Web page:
Whether you've been exercising for years or are just starting a fitness program, it's important to avoid injuries so you can keep moving toward your fitness goals. We become more vulnerable to injuries as we get older, in part because we're less agile than we used to be, and we've also lost some of our former bone and muscle mass.
"Recovery from injury can also slow with age," says Dr. Eric Berkson, an instructor in orthopedic surgery at Harvard Medical School and director of the Massachusetts General Hospital Sports Performance Center. "It can take longer to recover from a smaller injury, and the injured areas remain vulnerable during the recovery period."
1. Sprains: Injuries to ligaments, the tissues that connect bones to one another
2. Muscle strains: Injuries to muscles or tendons, the tissues that connect muscles to bones
3. Tendinitis: Inflammation of a tendon, often due to overuse
4. ACL and meniscus tears of the knee: A rip in one of the ligaments that helps stabilize the knee or cartilage that cushions the knee joint
5. Rotator cuff tears: Rips in the group of muscles and their tendons that hold the arm in the shoulder socket.
To avoid getting laid up for days--or even weeks--with an injury, take these precautions when you work out:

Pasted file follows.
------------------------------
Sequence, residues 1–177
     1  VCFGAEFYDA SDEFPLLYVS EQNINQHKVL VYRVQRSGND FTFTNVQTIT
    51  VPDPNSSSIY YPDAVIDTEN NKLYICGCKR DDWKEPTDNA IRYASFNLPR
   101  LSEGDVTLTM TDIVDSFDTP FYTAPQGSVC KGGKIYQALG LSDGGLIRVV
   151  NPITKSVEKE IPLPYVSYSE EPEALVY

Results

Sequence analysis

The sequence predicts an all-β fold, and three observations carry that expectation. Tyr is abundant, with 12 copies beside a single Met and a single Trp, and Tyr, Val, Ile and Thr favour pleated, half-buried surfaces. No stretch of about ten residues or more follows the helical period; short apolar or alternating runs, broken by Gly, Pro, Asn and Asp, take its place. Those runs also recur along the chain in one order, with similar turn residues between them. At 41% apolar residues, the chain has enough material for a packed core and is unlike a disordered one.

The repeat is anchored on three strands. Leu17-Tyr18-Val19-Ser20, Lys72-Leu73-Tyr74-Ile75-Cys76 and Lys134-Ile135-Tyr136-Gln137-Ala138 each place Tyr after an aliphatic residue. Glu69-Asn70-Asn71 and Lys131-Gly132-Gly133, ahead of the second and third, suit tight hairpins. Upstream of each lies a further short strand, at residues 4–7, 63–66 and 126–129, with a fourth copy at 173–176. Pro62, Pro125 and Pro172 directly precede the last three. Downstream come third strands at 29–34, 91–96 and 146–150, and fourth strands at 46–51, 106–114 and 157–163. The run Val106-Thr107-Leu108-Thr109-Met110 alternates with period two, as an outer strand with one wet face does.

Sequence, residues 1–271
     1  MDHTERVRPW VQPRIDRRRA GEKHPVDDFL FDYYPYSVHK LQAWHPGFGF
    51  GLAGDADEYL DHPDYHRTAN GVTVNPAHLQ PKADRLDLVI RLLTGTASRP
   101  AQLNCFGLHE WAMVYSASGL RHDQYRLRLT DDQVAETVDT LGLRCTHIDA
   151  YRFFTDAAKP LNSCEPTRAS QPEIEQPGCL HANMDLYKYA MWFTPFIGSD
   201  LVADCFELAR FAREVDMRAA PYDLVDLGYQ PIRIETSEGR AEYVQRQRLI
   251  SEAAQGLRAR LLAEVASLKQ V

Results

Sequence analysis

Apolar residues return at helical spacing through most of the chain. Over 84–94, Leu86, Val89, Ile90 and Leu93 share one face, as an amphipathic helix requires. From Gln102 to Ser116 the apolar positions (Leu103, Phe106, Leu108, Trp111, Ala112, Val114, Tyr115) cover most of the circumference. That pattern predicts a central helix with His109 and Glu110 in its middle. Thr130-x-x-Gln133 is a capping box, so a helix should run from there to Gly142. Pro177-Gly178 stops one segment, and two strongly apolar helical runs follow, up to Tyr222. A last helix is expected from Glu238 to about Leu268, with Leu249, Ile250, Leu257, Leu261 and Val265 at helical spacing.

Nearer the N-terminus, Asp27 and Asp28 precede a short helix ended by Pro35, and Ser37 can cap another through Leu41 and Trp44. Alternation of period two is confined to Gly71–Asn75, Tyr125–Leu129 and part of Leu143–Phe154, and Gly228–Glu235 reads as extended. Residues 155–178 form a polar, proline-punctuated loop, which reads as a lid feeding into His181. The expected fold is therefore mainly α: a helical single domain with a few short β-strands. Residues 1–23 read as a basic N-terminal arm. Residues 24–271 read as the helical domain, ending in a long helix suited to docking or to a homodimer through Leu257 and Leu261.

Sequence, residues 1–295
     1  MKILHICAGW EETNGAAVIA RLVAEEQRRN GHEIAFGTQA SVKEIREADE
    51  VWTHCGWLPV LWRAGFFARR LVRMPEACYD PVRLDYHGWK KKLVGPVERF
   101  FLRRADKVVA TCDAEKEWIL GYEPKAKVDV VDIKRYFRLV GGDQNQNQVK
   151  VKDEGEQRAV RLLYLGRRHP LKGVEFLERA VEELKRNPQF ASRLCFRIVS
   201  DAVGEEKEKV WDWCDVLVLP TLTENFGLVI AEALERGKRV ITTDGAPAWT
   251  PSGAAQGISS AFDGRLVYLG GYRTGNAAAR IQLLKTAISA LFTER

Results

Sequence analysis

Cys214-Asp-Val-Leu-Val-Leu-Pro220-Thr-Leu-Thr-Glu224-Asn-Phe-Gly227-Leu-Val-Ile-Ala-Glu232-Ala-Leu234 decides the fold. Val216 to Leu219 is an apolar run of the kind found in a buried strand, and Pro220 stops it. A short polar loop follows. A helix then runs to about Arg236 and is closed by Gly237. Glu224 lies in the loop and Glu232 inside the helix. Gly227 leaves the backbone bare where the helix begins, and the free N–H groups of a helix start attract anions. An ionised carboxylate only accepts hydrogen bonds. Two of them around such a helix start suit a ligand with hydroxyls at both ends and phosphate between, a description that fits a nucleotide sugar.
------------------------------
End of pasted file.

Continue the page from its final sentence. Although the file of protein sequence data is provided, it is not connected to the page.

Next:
1. Talk to your doctor
Don't start any exercise program without first checking with your primary care provider. Your doctor can determine whether you're healthy enough to exercise, and what, if any, modifications you'll need to make to your program.
"Exercise programs should be customized to the individual whenever possible to account for any limitations and ongoing medical conditions," Dr. Berkson advises.
2. Choose your workout carefully
High-impact exercise programs aren't ideal for women with conditions like arthritis or osteoporosis. Non-impact exercises, including swimming or using an elliptical exercise machine, will give you aerobic conditioning without stressing your joints.
3. Learn the proper technique
Don't start any new exercise without first learning the correct form. Work with a trainer at home or in the gym, or consult a physical therapist to help you tailor a workout to your health conditions and physical capabilities.
4. Get the right gear
Buy a pair of sturdy, comfortable sneakers that provide good arch support and have a cushioned heel to absorb shock. Wear loose, comfortable clothing that gives you room to move and breathe.
5. Start gradually
Take simple precautions to prevent injuries when you exercise
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